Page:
Catholic Church in Poland Unveils 18th Century Blood Libel Painting

On Thursday for the Catholic Church‘s Int’l Day of Judaism, a controversial picture was uncovered to expose realities of the church’s anti-Semitic past.

By Ari Yashar


The Catholic Church of Poland unveiled a painting on Thursday that had been kept hidden since 2006, after protests from both Catholics and Jews opposed the depiction of Jews murdering Christian children in the classic anti-Semitic blood libel trope.

The painting, an 18th century CE work by Italian painter Charles de Prevot called “Mord Rytualny (Ritual Murder),” has been mounted on a wall at the cathedral in Sandomierz but hidden behind a red curtain for the past 8 years due to its contents.

For the Catholic Church’s international Day of Judaism, it was decided the painting should be shown to clarify the dark history of anti-Semitism.

A plaque next to the painting, prepared by the  Polish Episcopal Conference’s Committee for Dialogue with Judaism, explains how Jews did not commit “ritual murder” because it is forbidden by Judaism, reports the Polish daily Gazeta.

Poland’s Chief Rabbi Michael Schudrich supported the unveiling.

“It had a damaging place in history, it had a murderous place in history,” Rabbi Schudrich told AFP. “You know, Jews were murdered after such accusations were made, but to cover it up I think is in some ways to forget or deny a painful past,”

The rabbi added “to uncover it, to show it publicly, is to show it for what it is: a lie, a falsification and something that no one believes in anymore.”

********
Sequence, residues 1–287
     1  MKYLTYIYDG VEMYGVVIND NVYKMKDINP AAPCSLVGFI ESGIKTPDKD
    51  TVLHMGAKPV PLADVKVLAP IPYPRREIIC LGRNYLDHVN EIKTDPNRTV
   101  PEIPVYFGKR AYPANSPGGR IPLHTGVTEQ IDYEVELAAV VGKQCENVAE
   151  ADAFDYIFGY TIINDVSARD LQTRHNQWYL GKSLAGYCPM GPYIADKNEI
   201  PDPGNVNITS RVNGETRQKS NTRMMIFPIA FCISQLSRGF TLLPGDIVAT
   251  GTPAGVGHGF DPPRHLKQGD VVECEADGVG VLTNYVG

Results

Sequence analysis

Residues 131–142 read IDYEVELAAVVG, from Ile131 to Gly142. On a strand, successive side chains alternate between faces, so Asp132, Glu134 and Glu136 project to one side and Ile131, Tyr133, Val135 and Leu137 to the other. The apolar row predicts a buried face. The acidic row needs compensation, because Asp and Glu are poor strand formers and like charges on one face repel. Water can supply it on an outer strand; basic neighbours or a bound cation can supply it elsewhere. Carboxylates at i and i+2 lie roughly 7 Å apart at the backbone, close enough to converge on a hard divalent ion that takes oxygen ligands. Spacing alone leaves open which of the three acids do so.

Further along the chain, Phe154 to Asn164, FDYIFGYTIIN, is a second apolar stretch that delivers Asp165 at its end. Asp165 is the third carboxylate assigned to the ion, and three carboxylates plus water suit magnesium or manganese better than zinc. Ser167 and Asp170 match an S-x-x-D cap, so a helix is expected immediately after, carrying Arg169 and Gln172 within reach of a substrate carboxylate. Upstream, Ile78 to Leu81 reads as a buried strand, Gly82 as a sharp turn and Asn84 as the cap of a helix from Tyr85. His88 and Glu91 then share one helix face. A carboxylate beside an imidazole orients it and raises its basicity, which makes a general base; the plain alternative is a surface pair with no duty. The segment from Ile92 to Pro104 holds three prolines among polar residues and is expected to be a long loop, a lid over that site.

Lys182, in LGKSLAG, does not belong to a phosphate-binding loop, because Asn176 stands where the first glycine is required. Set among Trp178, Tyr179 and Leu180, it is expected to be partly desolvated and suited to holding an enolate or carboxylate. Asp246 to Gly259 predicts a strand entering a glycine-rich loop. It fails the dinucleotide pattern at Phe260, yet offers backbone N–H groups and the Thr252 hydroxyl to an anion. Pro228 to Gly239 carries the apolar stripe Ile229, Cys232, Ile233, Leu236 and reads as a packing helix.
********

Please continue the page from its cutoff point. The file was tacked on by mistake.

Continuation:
Unfortunately the blood libel is still alive and well in the Muslim world according to reports in 2013, where fabricated stories of Jews ritually killing non-Jewish children to use their blood in baking matzah for Passover still abound.

The painting is part of a series by the same artist depicting the “martyrdom” of Christians, in a set of pictures portraying graphically brutal images of torture and murder by pagans.

Poland, which had the largest European Jewish community before roughly 90% of the country’s over 3 million Jews were murdered in the Holocaust, has been arguing about its history lately.

Last Friday, the country’s opposition proposed a bill banning the use of the term “Polish Death Camp” on pain of fines and jail time, claiming the term implies Polish responsibility for the camps.

Meanwhile a Polish municipal prosecutor ruled on Wednesday that Polish League soccer fans chanting “move on Jews,” “your home is at Auschwitz,” and “send you to the gas (chamber),” was not a racist criminal offense.

Rabbi Schudrich concluded “compared to…20 years ago, we’ve made tremendous strides, closening and deepening understanding and relations, and we still have a long way to go.”


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